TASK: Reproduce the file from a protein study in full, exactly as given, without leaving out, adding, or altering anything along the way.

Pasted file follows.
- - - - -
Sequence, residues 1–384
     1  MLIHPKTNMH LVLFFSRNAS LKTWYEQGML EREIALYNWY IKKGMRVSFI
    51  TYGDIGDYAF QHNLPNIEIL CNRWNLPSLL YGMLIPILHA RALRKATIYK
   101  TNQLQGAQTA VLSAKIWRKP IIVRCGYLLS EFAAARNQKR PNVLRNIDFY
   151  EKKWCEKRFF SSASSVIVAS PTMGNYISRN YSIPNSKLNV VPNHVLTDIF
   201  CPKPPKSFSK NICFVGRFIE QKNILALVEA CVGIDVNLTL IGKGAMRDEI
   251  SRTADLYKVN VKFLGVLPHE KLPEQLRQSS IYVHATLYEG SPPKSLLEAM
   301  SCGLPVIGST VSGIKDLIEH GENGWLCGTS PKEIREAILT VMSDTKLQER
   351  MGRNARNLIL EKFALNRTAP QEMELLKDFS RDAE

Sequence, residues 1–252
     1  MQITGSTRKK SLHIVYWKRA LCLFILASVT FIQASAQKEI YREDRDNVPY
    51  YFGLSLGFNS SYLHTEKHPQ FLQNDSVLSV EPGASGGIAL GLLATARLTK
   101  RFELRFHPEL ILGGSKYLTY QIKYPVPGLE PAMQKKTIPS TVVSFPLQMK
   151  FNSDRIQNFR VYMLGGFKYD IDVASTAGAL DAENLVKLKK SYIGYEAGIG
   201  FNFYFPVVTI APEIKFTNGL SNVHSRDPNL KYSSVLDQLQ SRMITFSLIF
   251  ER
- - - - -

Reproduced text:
Sequence, residues 1–384
     1  MLIHPKTNMH LVLFFSRNAS LKTWYEQGML EREIALYNWY IKKGMRVSFI
    51  TYGDIGDYAF QHNLPNIEIL CNRWNLPSLL YGMLIPILHA RALRKATIYK
   101  TNQLQGAQTA VLSAKIWRKP IIVRCGYLLS EFAAARNQKR PNVLRNIDFY
   151  EKKWCEKRFF SSASSVIVAS PTMGNYISRN YSIPNSKLNV VPNHVLTDIF
   201  CPKPPKSFSK NICFVGRFIE QKNILALVEA CVGIDVNLTL IGKGAMRDEI
   251  SRTADLYKVN VKFLGVLPHE KLPEQLRQSS IYVHATLYEG SPPKSLLEAM
   301  SCGLPVIGST VSGIKDLIEH GENGWLCGTS PKEIREAILT VMSDTKLQER
   351  MGRNARNLIL EKFALNRTAP QEMELLKDFS RDAE

Sequence, residues 1–252
     1  MQITGSTRKK SLHIVYWKRA LCLFILASVT FIQASAQKEI YREDRDNVPY
    51  YFGLSLGFNS SYLHTEKHPQ FLQNDSVLSV EPGASGGIAL GLLATARLTK
   101  RFELRFHPEL ILGGSKYLTY QIKYPVPGLE PAMQKKTIPS TVVSFPLQMK
   151  FNSDRIQNFR VYMLGGFKYD IDVASTAGAL DAENLVKLKK SYIGYEAGIG
   201  FNFYFPVVTI APEIKFTNGL SNVHSRDPNL KYSSVLDQLQ SRMITFSLIF
   251  ER